Indoor Or Outdoor Boarding for Your Horses?
We researched what veterinarians and experienced horse owners had to say about how to create a healthy environment for horses. Should you go with indoor or outdoor boarding for your horses?
Veterinarians have suggested that horses housed in heated barns were less healthy than those kept outside.
There are great benefits to a horse’s health and disposition when they are being boarded in a stable where they are mostly outdoors, and brought in to feed and for shelter on cold nights.
Social interaction with other horses is very important to them. Companionship is essential to a horse’s mental health. Being forced to stand still in a stall is extremely stressful for a horse.
A three-sided shed should be approximately 20 feet deep, and should provide approximately 12 feet of width for each horse. Build it facing south for maximum sunlight, with transparent panels in the roof to let the sun in. Because horses are herd animals, they feel safest in a group.
It is best to include a couple of stalls so that horses who are injured can be confined temporarily. This will also provide a way to feed supplements to individual horses as needed.
Space for hay storage and lights that come on at night should be provided. If the weather is below freezing, a horse kept outdoors should be blanketed. This is especially important for underweight horses, older horses, Thoroughbreds and Arabians. Increase caloric intake during the winter months, and provide plenty of warm water.
There is no doubt that keeping a horse in a stall most of the time is most convenient for horse owners. You won’t have to trudge out to the rain soaked, mud covered pasture to bring your horse into the barn.
When deciding between indoor or outdoor boarding for your horses, you should consider that outdoor board may not work for some thoroughbred horses. Veterinarians who teach equine health, disease prevention and nutrition, say there are possible benefits to indoor boarding, though they advise that 24/7 turnout with a shelter is the ideal.
There is an advantage to being able to monitor a horse’s food intake in a stall. Horses who are in elite competition may have high-energy needs and some require close watching. With a competitive show horse, you can minimize the risk of injury by keeping the horse in a stall.
Health Concerns with Indoor or Outdoor Boarding
Because humans prefer to reside in cozy, warm houses in the wintertime, we surmise that our animals do too. However, horses that are kept indoors are at greater risk of respiratory illness, digestive problems, infectious diseases and behavioral problems. Stalls can create a risk for not only a horse’s physical health, but for his mental health as well.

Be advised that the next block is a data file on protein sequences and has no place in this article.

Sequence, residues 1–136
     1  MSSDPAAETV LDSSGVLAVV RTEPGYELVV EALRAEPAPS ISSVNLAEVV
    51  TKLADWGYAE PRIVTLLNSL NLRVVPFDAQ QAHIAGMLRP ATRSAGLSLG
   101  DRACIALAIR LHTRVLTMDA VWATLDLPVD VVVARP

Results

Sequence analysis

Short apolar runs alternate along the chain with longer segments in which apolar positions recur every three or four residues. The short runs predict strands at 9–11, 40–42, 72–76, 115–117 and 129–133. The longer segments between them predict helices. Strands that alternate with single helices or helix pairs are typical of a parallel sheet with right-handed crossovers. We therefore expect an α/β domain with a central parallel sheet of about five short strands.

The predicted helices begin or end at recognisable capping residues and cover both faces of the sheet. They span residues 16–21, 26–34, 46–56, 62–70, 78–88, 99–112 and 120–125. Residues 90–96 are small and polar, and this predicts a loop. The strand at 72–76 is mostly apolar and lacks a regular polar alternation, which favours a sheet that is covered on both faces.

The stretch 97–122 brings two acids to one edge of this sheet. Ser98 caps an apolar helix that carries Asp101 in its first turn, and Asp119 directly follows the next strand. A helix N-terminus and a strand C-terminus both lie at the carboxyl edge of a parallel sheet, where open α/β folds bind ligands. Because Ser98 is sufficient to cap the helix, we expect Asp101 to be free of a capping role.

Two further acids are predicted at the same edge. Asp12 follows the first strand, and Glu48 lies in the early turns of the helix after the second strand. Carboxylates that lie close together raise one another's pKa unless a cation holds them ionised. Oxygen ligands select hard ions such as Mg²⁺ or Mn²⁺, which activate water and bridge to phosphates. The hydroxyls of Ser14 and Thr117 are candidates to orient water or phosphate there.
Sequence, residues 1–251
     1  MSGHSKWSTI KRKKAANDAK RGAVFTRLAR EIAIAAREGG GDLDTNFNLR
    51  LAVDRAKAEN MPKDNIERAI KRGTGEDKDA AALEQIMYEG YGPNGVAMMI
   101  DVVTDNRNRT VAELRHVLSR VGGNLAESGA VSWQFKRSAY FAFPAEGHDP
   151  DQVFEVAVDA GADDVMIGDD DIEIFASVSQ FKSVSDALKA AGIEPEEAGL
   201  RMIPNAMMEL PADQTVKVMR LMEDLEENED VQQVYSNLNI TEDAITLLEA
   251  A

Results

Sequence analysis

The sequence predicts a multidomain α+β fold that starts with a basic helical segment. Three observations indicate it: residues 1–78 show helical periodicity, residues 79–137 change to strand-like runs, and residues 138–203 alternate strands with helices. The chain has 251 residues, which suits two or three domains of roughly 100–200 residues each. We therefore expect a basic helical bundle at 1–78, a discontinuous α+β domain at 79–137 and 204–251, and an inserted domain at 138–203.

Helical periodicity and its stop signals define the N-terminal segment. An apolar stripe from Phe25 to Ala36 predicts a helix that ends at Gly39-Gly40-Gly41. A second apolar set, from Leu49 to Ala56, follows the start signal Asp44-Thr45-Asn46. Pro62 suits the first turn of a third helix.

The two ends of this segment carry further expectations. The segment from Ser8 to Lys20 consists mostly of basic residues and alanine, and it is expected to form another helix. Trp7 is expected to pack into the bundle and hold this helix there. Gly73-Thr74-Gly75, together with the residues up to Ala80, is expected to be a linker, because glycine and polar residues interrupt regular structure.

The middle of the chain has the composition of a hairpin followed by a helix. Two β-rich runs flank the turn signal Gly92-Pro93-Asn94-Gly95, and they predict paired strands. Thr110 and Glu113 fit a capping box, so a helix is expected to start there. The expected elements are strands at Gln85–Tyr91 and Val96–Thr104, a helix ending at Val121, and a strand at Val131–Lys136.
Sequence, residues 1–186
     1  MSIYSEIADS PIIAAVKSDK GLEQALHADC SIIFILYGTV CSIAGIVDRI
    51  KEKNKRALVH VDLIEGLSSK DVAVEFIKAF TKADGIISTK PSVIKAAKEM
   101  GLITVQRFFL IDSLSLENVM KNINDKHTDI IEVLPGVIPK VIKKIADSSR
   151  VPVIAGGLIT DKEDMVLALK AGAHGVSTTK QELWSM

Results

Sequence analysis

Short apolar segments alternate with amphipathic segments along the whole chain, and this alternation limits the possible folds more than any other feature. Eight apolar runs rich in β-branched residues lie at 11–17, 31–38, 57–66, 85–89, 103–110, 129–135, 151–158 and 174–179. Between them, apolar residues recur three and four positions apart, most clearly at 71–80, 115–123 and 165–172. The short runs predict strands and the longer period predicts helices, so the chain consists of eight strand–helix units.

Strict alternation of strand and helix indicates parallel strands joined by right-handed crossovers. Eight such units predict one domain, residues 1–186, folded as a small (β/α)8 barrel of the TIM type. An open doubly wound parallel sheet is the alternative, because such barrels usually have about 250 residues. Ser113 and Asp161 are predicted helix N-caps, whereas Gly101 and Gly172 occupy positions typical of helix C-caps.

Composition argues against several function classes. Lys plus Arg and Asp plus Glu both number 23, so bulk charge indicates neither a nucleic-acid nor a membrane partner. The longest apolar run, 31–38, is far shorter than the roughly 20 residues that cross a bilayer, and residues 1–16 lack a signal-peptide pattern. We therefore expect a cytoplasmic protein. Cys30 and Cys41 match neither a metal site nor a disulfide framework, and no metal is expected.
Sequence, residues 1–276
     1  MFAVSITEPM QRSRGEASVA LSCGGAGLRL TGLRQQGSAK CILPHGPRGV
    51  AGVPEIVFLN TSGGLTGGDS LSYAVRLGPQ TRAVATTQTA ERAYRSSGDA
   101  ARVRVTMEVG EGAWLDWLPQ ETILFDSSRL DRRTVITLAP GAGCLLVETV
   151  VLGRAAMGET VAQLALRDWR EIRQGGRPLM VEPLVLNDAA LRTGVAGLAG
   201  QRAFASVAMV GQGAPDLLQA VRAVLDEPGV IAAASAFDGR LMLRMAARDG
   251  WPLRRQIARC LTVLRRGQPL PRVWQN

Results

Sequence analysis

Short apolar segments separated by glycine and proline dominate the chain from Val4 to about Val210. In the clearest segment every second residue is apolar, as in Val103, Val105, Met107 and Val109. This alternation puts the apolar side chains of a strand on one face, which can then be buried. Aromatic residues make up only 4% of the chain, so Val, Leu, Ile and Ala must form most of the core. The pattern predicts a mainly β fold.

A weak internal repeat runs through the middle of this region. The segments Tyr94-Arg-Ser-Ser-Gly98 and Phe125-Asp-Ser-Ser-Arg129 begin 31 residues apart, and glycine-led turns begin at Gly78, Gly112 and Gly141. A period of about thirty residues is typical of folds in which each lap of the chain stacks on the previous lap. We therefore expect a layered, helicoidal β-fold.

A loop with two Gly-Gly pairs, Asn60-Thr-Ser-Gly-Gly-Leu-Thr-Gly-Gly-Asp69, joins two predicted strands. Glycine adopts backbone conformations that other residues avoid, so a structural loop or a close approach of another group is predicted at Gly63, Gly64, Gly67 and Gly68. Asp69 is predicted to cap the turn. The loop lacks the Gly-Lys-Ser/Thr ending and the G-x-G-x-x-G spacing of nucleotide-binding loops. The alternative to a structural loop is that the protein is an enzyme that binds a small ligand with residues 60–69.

Physical and emotional deprivation will result in stable vices, such as cribbing and weaving. Having access to fresh air, forage, friends and lots of physical movement, are vital to a horse’s health and happiness. When confined to a stall they will often kick, dance around and spook very easily.
Horses like to be able to eat for two-thirds of the day. Feeding too infrequently will cause them to be prone to ulcers, colic and other digestive problems.
Research has shown horses who are kept in stalls all the time, except when taken to the riding arena or racetrack, can be exposed to critical levels of dust and toxic mold in the air.
Solutions to Reduce Risk When Indoor or Outdoor Boarding
If your situation requires indoor boarding for your horse, you will want to do what you can to make it physically and mentally healthier for your horse. There are a number of steps that can be taken to reduce the risks:
• Good ventilation can help reduce the respiratory problems associated with the constant exposure to dust and ammonia gas (from urine) when horses are kept indoors. Increase the air flow and keep horses out of the barn while it’s being cleaned. Dust and ammonia levels are highest when disturbed.
• Frequent feedings help to reduce the risk of ulcers, poor digestion and colic. Feed at least five times a day. Horses should never go more than eight hours without food.
• Use thin rather than deep bedding. Deep bedding will allow more ammonia build-up. Rubber mats used in stalls must be scrubbed thoroughly and frequently.
• To provide adequate socialization, arrange stalls so that each horse can have contact with his neighbors. This increases their sense of security and enables them to feel more relaxed.
• In an enclosed barn, infectious disease can be quickly transmitted to the other horses. Have a separate barn or pasture where a horse who is ill can be isolated from the others.
Most experts encourage boarding horses outdoors. There are many factors involved in determining whether to do indoor or outdoor boarding for your horses. Indoor boarding can work well, and there are definitely things we can do to make it better for the horse.
The more we fulfill their needs and preferences, the better the horse will feel and perform; beneficial to both the horse and his owner.